•  By growing my own mulch.  Again, not everyone will have the means to do this, but we have an almost 3 acre yard.  Now I love straw- I love the way it looks and smells, and the way it feels under my bare feet, especially when it's warm.  But around here it's rare to find straw for less than $4 a bale, and with the size of my garden I would need $150+ in straw.  Last year, after searching for a better price for weeks, I finally broke down and drove ALL THE WAY to my in-laws and got straw from them.  She wouldn't let me pay her for it, but I figured I paid about $150 in gas to get it!  Now, if I got the straw on a trip I was making anyway that would be worthwhile, but since I don't have any plans to go back home this summer until later (far past prime mulching time) that isn't an option.  Even last fall this was bothering me, then it hit me (I get hit a lot... by my ideas anyway).  Why not treat my lawn like a crop, and instead of mowing (or hubby mowing- I don't mow) every week, let the grass get a little height before mowing.  Then I (really I this time, he wouldn't be okay with this plan otherwise) sweep it up with the lawn sweeper and use it as mulch.  Lawn clippings, when used consistently as mulch, provide almost all the nutrients growing plants need as they break down into the soil, so it will not only help me block out weeds and conserve moisture, it will help improve the fertility of my soil!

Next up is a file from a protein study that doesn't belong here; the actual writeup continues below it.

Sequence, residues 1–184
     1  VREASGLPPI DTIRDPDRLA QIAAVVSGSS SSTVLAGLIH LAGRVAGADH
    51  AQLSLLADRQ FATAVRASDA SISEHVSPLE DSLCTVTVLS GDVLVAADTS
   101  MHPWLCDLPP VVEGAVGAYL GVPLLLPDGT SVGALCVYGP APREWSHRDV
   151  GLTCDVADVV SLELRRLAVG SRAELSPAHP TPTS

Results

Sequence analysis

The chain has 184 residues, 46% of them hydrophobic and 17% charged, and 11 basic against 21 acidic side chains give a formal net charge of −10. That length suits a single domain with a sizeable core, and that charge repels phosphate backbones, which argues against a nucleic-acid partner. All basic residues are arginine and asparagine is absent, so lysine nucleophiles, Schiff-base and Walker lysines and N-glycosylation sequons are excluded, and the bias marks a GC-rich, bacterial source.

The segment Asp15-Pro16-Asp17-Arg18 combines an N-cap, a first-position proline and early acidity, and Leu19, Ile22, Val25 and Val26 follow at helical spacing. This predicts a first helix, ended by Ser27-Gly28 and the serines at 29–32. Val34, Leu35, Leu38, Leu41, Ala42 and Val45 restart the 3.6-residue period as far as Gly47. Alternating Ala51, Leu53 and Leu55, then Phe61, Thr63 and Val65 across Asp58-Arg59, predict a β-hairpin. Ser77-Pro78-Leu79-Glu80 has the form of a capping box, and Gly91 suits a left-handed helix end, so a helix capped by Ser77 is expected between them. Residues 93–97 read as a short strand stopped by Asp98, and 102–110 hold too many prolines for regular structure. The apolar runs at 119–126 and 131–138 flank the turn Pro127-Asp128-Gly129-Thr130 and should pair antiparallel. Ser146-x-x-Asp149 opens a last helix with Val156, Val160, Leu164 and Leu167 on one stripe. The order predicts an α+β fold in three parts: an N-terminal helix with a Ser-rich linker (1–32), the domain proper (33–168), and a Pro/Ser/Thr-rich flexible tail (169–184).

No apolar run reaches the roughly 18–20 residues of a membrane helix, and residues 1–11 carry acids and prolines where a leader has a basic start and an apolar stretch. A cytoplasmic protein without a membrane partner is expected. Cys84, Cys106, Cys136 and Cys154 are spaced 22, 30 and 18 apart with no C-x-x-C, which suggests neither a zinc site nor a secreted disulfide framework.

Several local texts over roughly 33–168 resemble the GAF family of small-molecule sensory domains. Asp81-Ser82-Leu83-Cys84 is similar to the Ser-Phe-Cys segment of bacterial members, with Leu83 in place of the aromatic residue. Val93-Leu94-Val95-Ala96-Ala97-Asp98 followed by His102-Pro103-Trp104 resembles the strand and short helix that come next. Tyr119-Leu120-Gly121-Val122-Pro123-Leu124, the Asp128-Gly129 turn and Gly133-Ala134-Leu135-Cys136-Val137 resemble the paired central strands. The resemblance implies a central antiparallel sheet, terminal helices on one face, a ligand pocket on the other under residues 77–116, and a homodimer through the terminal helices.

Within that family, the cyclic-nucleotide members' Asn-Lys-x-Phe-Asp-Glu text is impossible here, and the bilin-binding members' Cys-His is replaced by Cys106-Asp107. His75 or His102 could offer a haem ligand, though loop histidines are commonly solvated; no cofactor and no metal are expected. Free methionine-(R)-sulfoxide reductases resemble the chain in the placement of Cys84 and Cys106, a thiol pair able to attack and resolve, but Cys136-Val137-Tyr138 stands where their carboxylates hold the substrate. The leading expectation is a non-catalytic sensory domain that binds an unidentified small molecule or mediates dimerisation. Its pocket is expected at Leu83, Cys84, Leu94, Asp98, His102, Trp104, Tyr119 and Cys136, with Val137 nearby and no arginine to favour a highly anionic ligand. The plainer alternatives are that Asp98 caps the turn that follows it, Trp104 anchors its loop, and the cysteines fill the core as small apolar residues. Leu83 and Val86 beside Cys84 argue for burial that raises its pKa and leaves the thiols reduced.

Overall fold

• By starting some of my own seedlings... but not too many.  Last year I went a little overboard and wasn't able to properly care for the seedlings, which resulted in poor germination, weak plants, and a lot of dampening off and transplant shock (resulting in death in many cases).  I also jumped the gun and planted many things indoors too soon.  This year I cut way back.  I've planted about half the tomatoes I plan to plant (plus a few extra, in case some die), most of the peppers, and about a dozen early broccoli (I only planted these because they were a free packet I got with a seed order).  Later I will start my basil, lavender, and a few other herbs inside.  My cukes and squash I will all direct seed- I had the most issues with those seedlings last year, and ended up re-planting most of them via direct seed anyway.
Cold frame built from part of an old door (free!) and about $15 in cedar decking.  Started seedlings will go in here soon, and it will be used for winter gardening.